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Toxic Dunes Mapped in Coeur d'Alene River Bottom

Posted by Susan Drumheller at Dec 13, 2012 10:00 AM |

Although the Coeur d'Alene Basin's mining legacy has been studied for decades, scientists are still learning new things that will eventually help remedy the metals contamination.

Toxic Dunes Mapped in Coeur d'Alene River Bottom

Trail of the Coeur d'Alenes threads through the Coeur d'Alene Basin. Idaho Scenic Byways photo.

As the Environmental Protection Agency, its partners and contractors embark on the Upper Coeur d'Alene Basin cleanup action plan, teams of scientists, government staff and stakeholders are taking hard look at how to deal with the downstream impacts of a 100 years of mining.

And it's becoming clearer that it might not be necessary to have every mine and tailings pile mopped up in the Upper Basin before serious work can begin on the toxic legacy of mining that's washed downstream to the Lower Basin.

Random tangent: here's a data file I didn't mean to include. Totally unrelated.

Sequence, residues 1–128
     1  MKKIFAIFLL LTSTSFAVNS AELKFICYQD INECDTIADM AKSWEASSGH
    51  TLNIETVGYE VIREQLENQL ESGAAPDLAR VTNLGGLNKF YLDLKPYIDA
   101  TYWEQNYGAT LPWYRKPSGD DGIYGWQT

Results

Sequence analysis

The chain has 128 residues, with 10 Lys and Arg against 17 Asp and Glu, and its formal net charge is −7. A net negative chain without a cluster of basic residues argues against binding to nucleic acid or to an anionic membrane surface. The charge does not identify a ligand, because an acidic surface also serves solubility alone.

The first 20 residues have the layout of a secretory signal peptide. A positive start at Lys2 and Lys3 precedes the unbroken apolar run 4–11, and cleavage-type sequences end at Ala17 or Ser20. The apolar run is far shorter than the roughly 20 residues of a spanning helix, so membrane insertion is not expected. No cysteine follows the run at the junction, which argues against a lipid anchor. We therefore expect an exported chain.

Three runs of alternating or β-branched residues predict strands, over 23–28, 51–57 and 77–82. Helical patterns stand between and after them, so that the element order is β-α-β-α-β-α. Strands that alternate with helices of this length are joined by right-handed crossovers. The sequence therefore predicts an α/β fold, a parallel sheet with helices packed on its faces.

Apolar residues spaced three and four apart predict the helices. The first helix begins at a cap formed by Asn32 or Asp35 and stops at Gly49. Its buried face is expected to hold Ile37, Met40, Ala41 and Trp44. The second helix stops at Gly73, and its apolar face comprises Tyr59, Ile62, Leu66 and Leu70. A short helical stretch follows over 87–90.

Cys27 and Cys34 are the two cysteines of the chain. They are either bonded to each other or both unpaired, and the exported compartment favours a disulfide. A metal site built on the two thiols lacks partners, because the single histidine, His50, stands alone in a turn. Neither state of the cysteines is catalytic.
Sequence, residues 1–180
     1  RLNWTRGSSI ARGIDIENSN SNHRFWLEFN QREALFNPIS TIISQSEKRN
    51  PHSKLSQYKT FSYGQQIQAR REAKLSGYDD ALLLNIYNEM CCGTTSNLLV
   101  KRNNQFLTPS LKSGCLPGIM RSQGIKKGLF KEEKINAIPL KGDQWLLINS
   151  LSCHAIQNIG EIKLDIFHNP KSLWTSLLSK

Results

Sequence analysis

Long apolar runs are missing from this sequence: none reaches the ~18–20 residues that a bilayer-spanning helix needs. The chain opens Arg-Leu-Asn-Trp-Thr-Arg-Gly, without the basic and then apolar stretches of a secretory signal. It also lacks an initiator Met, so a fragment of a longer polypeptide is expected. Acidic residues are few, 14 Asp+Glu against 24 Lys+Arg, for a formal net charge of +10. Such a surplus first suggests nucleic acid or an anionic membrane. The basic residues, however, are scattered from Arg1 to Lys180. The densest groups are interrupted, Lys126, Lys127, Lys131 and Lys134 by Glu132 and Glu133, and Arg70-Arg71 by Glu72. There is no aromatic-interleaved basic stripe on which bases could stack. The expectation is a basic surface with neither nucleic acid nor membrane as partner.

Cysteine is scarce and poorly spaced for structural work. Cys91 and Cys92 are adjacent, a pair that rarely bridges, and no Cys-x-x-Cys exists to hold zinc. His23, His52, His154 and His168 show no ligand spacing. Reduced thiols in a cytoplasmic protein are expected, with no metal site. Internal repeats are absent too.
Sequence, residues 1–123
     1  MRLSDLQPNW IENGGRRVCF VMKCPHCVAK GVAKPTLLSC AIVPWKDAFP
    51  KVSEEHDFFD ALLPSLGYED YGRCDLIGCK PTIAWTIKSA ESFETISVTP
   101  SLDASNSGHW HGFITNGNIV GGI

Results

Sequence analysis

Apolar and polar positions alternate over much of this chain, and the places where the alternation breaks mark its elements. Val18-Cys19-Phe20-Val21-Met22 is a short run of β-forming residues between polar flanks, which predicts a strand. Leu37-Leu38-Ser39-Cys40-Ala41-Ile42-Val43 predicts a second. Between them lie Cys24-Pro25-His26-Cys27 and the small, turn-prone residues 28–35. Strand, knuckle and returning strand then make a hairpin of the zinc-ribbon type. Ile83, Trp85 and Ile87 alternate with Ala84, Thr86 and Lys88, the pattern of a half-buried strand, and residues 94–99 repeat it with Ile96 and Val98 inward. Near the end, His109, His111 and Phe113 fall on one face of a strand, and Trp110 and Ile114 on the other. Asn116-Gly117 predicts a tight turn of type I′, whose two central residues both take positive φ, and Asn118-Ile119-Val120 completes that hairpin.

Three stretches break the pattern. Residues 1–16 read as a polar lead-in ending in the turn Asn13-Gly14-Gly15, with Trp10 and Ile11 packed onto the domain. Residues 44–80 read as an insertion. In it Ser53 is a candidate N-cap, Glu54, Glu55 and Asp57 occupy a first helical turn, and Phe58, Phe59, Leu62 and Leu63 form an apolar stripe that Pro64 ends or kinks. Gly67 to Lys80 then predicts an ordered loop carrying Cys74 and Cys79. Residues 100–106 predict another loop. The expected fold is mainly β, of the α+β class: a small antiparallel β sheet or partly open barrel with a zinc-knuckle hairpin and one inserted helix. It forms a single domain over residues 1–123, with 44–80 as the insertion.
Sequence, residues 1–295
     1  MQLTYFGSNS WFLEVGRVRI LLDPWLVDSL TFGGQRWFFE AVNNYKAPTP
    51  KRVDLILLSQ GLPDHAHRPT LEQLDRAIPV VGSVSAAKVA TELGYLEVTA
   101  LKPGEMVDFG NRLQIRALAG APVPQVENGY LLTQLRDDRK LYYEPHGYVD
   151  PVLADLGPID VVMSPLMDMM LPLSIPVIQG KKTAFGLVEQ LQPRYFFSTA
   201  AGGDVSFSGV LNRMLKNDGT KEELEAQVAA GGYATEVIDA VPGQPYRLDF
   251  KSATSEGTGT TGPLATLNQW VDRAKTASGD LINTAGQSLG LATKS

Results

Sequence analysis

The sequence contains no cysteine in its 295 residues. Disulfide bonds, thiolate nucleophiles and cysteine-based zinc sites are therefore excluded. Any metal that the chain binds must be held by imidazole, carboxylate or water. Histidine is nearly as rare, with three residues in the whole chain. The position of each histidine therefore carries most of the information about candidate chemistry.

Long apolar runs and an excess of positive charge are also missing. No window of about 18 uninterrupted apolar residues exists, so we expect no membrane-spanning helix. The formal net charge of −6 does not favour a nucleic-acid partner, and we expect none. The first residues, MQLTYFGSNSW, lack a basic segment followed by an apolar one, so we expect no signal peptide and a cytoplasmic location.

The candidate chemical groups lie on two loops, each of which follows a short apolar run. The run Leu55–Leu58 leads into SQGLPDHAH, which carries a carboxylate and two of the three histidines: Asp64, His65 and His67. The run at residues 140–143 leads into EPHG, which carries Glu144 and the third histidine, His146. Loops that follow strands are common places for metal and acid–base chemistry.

The Upper Basin is defined generally as the area upstream of the confluence of the North Fork and South Fork of the Coeur d'Alene River. Everything below, from Cataldo on down to Lake Coeur d'Alene, is considered the Lower Basin.

Some of the contamination levels in the downstream reach of the river are shockingly high, and every year migrating waterfowl drop dead during their stopover to feed in the vast wetlands of the Lower Basin.

Semiannual flooding further flushes contaminants into the wetlands and requires land managers to hose down boat launches and other recreation sites to make them safe for human use.

Scientists have been studying how the metals move through the Lower Basin, and here are a few interesting facts they shared at a recent meeting of the Lower Basin Project Focus Team:

  • The average amount of lead moving through the Lower Basin and emptying into Lake Coeur d'Alene each year is 393 tons
  • Only 10% of that load is from Upper Basin, while 5% comes from eroding river banks
  • The vast majority of the metals—85%—are from the river bed in the Lower Basin itself
  • The lower you go in the river, the higher the lead concentration gets.

Scientists are using high-tech bathymetry to map the river bottom, and observe how lead-contaminated dunes move downstream along the riverbed. This information will be used to design pilot projects in the next year or two to help guide a longer term clean-up plan.


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